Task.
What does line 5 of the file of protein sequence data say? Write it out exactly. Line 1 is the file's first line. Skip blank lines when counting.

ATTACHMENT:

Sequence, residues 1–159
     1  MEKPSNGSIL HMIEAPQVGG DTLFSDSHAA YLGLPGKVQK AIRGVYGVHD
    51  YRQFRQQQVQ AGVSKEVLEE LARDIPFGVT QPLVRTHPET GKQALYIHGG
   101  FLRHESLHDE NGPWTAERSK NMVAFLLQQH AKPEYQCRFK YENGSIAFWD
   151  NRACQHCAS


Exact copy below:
   151  NRACQHCAS